Kick-Ass Movie Review
Dave (Johnson) is a shy New York teen who wonders why no one sticks up for each other. So he creates a secret alter-ego, Kick-Ass, and sets out to make a difference. Of course he gets beaten to a pulp. But he also catches the city's imagination. The problem is that gangster Frank (Strong) thinks he's to blame for a series of setbacks and helps his son (Mintz-Plasse) create a rival hero, Red Mist. But Frank's nemesis is actually a man (Cage) who has turned his 12-year-old daughter (Moretz) into a killing machine.
From the opening gag, we know we're not in standard superhero territory. Vaughn and Goldman gleefully throw every comic book cliche into a shredder while maintaining a snappy visual style that owes a debt to Tarantino. No one has superpowers (although you could argue the point about Dave, and not just because he's invisible to girls). And every scene takes a sharp turn, veering off in a direction we couldn't expect. The result is exhilarating, keeping us happily off balance and constantly amused.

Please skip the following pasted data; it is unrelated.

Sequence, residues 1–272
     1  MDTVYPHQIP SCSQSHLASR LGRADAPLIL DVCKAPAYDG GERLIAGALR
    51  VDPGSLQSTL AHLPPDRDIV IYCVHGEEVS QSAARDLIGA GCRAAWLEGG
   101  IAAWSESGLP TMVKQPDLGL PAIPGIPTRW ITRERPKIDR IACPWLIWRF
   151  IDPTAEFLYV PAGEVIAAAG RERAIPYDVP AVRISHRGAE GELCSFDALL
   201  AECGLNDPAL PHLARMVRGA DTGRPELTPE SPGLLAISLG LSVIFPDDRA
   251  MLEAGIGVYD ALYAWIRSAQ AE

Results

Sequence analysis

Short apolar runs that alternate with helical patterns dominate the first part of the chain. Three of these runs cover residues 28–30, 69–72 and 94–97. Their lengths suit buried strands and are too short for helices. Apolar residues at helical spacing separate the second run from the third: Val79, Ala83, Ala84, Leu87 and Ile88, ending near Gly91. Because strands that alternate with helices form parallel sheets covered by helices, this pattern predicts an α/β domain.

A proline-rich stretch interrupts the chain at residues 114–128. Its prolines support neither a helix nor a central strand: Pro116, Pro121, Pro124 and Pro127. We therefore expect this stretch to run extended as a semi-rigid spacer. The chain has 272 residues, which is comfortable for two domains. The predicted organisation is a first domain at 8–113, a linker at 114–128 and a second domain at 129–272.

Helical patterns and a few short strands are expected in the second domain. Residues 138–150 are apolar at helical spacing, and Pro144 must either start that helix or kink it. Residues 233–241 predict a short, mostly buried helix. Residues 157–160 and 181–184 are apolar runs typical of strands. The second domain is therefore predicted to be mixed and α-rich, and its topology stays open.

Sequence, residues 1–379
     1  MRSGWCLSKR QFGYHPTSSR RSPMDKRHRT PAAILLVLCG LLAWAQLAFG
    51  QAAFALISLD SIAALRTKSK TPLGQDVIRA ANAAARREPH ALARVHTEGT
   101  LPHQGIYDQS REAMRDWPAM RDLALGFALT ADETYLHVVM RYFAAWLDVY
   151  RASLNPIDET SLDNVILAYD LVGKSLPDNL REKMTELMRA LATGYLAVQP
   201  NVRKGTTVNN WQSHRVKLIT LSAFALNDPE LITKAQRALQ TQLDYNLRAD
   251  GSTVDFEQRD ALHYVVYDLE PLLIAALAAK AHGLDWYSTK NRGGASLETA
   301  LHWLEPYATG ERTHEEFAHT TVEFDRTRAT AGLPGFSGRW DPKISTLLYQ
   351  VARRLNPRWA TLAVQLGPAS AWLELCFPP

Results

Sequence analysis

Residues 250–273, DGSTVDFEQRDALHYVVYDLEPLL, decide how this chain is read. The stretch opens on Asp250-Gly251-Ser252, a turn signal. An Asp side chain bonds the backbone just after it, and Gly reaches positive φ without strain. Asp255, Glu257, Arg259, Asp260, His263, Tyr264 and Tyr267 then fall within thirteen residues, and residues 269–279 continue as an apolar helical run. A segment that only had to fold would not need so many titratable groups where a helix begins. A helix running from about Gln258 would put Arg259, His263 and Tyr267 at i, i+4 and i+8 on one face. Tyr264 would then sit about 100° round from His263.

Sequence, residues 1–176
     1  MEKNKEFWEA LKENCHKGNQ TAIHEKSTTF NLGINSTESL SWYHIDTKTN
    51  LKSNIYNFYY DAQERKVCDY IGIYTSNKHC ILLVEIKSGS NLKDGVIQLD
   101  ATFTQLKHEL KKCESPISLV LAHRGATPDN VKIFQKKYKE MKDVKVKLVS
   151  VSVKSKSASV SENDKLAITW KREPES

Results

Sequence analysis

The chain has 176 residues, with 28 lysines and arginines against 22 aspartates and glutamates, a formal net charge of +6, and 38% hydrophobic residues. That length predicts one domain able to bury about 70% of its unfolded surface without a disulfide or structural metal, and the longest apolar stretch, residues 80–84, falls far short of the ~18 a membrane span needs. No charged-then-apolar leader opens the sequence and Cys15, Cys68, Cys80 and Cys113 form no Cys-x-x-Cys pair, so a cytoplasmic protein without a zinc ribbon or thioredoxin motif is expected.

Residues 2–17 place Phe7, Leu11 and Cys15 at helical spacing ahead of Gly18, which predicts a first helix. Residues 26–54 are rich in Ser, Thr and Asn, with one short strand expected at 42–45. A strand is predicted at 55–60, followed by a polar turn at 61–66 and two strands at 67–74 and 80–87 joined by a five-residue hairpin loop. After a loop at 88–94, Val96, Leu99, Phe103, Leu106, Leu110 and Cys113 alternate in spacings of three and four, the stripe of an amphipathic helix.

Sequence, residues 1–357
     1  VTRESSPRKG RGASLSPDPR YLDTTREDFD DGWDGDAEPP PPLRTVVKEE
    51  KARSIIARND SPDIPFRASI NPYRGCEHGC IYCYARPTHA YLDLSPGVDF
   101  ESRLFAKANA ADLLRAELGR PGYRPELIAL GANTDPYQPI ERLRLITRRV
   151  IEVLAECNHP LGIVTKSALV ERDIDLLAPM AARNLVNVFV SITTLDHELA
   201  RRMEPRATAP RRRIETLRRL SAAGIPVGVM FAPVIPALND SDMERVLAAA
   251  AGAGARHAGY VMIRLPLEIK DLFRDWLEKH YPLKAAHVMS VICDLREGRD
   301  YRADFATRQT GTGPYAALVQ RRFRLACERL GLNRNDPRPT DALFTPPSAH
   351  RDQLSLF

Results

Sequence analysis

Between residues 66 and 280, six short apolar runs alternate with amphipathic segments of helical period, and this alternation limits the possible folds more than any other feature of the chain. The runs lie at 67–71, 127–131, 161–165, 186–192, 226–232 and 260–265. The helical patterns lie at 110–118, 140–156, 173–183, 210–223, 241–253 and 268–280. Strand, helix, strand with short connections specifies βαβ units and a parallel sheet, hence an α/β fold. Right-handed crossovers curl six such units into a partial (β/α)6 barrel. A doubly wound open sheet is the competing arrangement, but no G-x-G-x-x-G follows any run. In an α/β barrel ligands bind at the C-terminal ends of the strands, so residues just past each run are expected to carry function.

Johnson is a terrific everyteen, bland enough to be a hero but also endearing and sympathetic. Strong and Mintz-Plasse gleefully twist their usual villain and nerd types, respectively. And Cage gives his best comical performance in ages (if you don't count The Bad Lieutenant), with an amusing Adam West parody in his character's thinly veiled Batman alter-ego Big Daddy. But the film is stolen completely by Moretz as the sparky Mindy, aka the whirling, kicking, foul-mouthed Hit Girl. She's an instant icon.
There's a point near the end when the plot crosses a line that will leave a bad taste in the mouths of discerning viewers. But by then the film's juggernaut of thunderous entertainment has reached such a high speed that it's virtually impossible to imagine that a sequel won't be on its way soon. And it's not quite enough to diminish the subtle but important message woven throughout this story: would you risk anything for someone who was in heed of help?
Cast & Crew
Director : Matthew Vaughn